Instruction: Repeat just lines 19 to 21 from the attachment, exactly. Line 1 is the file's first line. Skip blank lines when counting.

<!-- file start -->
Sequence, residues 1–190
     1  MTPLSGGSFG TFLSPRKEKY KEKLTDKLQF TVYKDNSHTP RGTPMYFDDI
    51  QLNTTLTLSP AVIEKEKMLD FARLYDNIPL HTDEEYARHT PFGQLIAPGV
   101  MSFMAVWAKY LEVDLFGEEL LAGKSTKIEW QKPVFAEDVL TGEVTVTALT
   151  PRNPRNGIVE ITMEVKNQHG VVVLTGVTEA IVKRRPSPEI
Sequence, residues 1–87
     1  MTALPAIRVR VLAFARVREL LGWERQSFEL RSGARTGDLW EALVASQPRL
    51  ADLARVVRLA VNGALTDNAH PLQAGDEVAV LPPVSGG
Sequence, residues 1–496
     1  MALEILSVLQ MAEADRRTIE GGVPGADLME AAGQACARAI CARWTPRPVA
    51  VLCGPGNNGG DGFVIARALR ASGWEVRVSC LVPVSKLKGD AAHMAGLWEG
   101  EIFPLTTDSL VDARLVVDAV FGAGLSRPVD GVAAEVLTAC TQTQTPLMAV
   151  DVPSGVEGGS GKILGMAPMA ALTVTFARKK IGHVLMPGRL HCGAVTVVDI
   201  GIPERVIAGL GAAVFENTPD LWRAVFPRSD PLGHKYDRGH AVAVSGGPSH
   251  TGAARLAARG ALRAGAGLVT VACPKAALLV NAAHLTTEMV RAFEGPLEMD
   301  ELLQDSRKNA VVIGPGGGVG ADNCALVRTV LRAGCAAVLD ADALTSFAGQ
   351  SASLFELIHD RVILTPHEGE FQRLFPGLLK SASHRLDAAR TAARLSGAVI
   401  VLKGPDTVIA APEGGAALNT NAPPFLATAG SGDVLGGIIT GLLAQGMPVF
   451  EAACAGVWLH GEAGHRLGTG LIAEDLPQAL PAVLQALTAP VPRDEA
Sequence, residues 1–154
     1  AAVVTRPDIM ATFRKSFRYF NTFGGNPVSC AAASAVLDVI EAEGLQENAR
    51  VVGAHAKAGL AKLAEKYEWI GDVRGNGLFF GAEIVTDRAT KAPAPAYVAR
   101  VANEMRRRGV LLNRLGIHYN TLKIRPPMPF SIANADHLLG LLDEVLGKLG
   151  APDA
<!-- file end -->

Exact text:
   451  EAACAGVWLH GEAGHRLGTG LIAEDLPQAL PAVLQALTAP VPRDEA
Sequence, residues 1–154
     1  AAVVTRPDIM ATFRKSFRYF NTFGGNPVSC AAASAVLDVI EAEGLQENAR